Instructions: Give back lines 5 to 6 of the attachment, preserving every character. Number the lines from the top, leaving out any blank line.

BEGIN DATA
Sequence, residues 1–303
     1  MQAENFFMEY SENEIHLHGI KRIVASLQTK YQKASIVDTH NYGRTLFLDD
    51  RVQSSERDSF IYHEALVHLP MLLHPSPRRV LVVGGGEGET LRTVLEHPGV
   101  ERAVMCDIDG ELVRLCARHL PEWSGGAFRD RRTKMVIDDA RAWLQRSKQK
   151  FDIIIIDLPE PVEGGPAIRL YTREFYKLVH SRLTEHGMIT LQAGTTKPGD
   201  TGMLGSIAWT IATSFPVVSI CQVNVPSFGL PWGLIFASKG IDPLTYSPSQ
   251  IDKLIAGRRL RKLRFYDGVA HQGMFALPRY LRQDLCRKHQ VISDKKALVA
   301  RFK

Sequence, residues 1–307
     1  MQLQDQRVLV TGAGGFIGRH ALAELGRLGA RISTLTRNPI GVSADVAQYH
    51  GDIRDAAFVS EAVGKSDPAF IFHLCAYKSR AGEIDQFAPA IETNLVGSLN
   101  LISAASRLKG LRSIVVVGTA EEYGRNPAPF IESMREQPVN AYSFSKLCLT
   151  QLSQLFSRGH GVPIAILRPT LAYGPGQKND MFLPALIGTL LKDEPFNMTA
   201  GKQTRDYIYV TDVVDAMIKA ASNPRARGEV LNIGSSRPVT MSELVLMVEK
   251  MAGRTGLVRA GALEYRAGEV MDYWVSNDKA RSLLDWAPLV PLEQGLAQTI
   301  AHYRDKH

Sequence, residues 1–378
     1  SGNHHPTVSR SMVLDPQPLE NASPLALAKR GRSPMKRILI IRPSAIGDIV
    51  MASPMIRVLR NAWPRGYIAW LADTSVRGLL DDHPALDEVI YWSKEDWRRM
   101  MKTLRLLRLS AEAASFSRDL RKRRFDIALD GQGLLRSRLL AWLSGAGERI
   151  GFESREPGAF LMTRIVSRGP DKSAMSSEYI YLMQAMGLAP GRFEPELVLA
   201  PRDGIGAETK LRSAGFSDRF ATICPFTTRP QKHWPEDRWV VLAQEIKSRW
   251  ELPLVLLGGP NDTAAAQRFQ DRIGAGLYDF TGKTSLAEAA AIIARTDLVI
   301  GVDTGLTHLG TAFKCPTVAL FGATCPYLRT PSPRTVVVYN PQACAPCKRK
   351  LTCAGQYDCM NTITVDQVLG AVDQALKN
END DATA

   151  FDIIIIDLPE PVEGGPAIRL YTREFYKLVH SRLTEHGMIT LQAGTTKPGD
   201  TGMLGSIAWT IATSFPVVSI CQVNVPSFGL PWGLIFASKG IDPLTYSPSQ